Triterpenoids and phenolic compounds are the most common results in the literature and are becoming increasingly popular due to their bioactive properties, such as antioxidant, antimicrobial, anti-inflammatory, anticancer, and hepatoprotective.
Finally, this review presented a comprehensive overview of the valorization of the main Portuguese fruit crop bio residues derived from the fruit processing industry, which should be more encouraged for alleviating pollution hazards encountered with its poor waste disposal. In addition to contributing to the circular economy, the use of these residues implies the high availability of bioactive compounds, which is interesting for nutraceutical and cosmetic applications.

Author Contributions

Writing—original draft preparation, L.A.P.; Idealization and organization of work and writing—original draft preparation, F.S.R.; Writing—review and editing, M.A.P., J.C.M.B., I.C.F.R.F.; Idealization and organization of work and writing—review and editing, L.B. All authors have read and agreed to the published version of the manuscript.


The authors are grateful to the Foundation for Science and Technology (FCT, Portugal) for financial support through national funds FCT/MCTES to CIMO (UIDB/00690/2020); to the national funding by FCT, P.I., through the institutional scientific employment program-contract for L.B. and J.C.M.B. thanks the individual scientific employment program-contract (CEECIND/04479/2017). The authors are grateful to the European Regional Development Fund (ERDF) through the Regional Operational Program North 2020, within the scope of Project Mobilizador Norte-01-0247-FEDER-024479: ValorNatural®, whom the author F.S.R. thanks for her contract, and the European Regional Development Fund (ERDF) through the Regional Operational Program North 2020, within the scope of Project GreenHealth (Norte-01-0145-FEDER-000042). This work was also funded by FEDER-Interreg España-Portugal programme through the project TRANSCoLAB 0612_TRANS_CO_LAB_2_P.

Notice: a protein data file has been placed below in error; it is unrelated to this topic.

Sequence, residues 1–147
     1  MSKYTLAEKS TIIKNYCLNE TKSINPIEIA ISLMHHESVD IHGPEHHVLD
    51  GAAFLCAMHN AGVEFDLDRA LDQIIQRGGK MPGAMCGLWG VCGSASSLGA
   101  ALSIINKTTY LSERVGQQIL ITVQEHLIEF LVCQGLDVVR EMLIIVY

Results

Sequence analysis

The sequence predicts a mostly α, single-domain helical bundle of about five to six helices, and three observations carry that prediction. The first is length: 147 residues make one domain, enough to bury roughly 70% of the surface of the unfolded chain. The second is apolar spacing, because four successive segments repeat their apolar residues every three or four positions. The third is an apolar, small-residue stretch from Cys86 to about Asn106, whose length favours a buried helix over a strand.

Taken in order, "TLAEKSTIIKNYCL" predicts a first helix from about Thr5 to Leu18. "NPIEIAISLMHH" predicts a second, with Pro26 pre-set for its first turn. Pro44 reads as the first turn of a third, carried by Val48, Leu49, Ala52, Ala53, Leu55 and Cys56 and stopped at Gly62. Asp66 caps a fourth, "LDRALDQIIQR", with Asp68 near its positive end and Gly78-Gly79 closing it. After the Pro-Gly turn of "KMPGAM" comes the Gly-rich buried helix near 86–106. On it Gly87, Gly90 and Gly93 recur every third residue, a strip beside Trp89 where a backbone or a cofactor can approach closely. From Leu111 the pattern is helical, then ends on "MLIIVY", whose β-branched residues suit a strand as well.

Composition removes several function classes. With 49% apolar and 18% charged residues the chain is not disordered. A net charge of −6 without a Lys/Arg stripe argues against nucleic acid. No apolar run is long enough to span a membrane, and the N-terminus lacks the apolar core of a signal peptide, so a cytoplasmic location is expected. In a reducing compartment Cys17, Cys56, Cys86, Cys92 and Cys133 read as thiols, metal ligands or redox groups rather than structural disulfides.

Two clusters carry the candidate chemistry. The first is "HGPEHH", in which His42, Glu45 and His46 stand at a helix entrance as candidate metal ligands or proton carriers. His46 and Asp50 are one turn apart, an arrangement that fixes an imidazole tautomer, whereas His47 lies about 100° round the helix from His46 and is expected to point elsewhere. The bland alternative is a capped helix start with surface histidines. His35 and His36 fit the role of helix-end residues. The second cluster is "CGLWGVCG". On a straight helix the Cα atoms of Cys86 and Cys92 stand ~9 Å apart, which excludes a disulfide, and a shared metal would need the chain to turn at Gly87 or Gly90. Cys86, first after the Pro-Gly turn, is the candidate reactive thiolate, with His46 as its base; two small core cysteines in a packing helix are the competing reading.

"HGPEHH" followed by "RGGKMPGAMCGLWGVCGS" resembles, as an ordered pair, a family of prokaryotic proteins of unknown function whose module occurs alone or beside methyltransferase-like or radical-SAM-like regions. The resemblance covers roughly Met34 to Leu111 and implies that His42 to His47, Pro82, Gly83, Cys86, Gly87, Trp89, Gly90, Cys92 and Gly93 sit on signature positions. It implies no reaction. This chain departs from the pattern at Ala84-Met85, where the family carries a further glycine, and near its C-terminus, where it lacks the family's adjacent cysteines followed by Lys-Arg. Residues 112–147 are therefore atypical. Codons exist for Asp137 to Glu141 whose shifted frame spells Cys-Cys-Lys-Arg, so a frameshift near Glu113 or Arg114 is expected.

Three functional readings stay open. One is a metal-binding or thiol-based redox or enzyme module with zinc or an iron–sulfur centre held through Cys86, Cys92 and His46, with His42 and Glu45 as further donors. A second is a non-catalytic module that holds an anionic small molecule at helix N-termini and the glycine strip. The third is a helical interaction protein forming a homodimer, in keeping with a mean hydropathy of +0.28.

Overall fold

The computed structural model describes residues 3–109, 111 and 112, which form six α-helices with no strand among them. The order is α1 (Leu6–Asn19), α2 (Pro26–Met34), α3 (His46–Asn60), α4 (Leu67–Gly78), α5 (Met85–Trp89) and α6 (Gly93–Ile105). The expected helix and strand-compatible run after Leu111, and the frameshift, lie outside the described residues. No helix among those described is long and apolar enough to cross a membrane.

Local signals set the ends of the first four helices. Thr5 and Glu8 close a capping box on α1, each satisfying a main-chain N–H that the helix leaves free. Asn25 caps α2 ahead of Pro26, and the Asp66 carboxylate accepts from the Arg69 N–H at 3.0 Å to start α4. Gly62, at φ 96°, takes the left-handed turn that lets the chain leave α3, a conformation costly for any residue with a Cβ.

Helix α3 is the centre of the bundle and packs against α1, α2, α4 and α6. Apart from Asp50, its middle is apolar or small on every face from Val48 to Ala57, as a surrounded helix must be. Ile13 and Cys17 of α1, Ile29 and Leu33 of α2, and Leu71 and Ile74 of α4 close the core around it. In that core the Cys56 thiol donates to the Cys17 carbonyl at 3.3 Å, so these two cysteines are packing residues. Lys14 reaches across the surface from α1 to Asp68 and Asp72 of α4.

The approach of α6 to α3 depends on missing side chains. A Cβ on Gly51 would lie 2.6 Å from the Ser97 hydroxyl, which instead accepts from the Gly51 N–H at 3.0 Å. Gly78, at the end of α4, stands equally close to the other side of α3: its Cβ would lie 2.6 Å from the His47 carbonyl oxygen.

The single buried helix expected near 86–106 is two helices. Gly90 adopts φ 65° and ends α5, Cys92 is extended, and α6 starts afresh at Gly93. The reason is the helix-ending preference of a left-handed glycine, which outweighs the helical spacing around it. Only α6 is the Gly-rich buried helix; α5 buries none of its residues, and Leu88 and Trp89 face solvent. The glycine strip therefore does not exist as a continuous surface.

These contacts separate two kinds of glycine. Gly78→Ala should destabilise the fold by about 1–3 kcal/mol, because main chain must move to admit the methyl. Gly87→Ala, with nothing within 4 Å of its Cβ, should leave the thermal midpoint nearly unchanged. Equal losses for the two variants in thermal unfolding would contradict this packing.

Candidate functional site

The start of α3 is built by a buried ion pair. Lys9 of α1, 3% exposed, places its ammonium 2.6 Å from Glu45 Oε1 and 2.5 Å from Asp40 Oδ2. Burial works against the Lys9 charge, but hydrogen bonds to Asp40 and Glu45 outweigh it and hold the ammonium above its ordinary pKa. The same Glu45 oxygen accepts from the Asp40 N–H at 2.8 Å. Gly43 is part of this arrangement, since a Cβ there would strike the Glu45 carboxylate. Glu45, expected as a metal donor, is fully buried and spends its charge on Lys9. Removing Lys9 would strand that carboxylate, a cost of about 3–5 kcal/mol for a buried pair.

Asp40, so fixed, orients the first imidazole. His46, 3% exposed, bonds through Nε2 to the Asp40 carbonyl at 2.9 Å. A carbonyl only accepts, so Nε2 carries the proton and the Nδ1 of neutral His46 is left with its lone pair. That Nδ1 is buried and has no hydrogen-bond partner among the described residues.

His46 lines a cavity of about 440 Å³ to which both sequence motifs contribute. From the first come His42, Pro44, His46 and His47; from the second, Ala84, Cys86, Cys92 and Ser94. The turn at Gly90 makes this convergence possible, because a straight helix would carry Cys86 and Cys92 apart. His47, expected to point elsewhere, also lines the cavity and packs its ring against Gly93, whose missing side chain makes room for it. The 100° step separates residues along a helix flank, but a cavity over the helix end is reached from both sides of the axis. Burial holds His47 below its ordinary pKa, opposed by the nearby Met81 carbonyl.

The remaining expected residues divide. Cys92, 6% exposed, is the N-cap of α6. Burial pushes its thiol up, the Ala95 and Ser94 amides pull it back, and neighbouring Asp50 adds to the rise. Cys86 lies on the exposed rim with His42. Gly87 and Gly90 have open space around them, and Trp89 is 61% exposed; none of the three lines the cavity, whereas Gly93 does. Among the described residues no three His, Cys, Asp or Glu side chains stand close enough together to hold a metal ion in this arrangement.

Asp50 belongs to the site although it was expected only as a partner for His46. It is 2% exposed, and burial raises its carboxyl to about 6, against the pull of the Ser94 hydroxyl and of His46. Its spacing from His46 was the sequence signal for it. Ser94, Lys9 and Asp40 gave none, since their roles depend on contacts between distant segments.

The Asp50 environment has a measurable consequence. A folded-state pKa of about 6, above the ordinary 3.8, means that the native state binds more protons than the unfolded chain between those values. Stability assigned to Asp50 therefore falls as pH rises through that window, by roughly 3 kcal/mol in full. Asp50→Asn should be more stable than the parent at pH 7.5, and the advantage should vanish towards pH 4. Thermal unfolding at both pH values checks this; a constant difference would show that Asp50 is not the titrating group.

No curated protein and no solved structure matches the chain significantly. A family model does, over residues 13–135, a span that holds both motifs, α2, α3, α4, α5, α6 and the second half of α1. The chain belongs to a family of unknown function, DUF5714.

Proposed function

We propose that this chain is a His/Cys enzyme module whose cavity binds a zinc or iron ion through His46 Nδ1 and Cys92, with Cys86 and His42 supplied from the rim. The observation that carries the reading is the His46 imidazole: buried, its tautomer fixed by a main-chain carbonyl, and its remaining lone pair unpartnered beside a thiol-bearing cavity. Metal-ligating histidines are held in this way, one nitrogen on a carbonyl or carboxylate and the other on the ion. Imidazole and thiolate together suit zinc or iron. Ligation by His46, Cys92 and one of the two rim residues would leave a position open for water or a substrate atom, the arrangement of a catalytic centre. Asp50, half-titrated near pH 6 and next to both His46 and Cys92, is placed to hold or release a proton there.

Institutional Review Board Statement

Not applicable.

Informed Consent Statement

Not applicable.

Conflicts of Interest

The authors declare no conflict of interest.


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Figure 1. Production (in tons) and occupied area (ha) of apples in Portugal in the quinquennium 2015–2019. Source: Adapted from FAOSTAT (2020).
Figure 1. Production (in tons) and occupied area (ha) of apples in Portugal in the quinquennium 2015–2019. Source: Adapted from FAOSTAT (2020).
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Figure 2. Production (in tons) and the occupied area (ha) of oranges in Portugal in the quinquenium 2015–2019. Source: Adapted from FAOSTAT (2020).
Figure 2. Production (in tons) and the occupied area (ha) of oranges in Portugal in the quinquenium 2015–2019. Source: Adapted from FAOSTAT (2020).
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Figure 3. Production (in tons) and occupied area (ha) of pears in Portugal in the quinquenium 2015–2019. Source: Adapted from FAOSTAT (2020).
Figure 3. Production (in tons) and occupied area (ha) of pears in Portugal in the quinquenium 2015–2019. Source: Adapted from FAOSTAT (2020).
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Figure 4. Color varieties of apples. Source: Adapted from [38] Cenário Hortifruti (, accessed on 22 February 2021).
Figure 4. Color varieties of apples. Source: Adapted from [38] Cenário Hortifruti (, accessed on 22 February 2021).
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Figure 5. Products derived from whole oranges. Source: Adapted from [43].
Figure 5. Products derived from whole oranges. Source: Adapted from [43].
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Figure 6. Scheme of each fruit cut in half representing the main components of (A) apple; (B) orange; (C) pear. Source: Adapted from [45,46].
Figure 6. Scheme of each fruit cut in half representing the main components of (A) apple; (B) orange; (C) pear. Source: Adapted from [45,46].
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Figure 7. Subclass of flavonoids: (A) flavonols, (B) flavanols, (C) flavones, (D) flavanones, (E) isoflavones, and (F) glycosylated anthocyanidins where R = OH or R = CH3OH. Source: own authorship using ChemDraw Ultra software.
Figure 7. Subclass of flavonoids: (A) flavonols, (B) flavanols, (C) flavones, (D) flavanones, (E) isoflavones, and (F) glycosylated anthocyanidins where R = OH or R = CH3OH. Source: own authorship using ChemDraw Ultra software.
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Figure 8. Chemical structure of main phenolic compounds in apple (A) chlorogenic acid, (B) hydroxycinnamate, (C) quercetin, and (D) catechin. Source: own authorship using ChemDraw Ultra software.
Figure 8. Chemical structure of main phenolic compounds in apple (A) chlorogenic acid, (B) hydroxycinnamate, (C) quercetin, and (D) catechin. Source: own authorship using ChemDraw Ultra software.
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Figure 9. Chemical structure of main phenolic compounds in orange (A) hesperidin, (B) narirutin, (C) naringin, (D) neoeriocitrin, and (E) neohesperidin. Source: own authorship using ChemDraw Ultra software.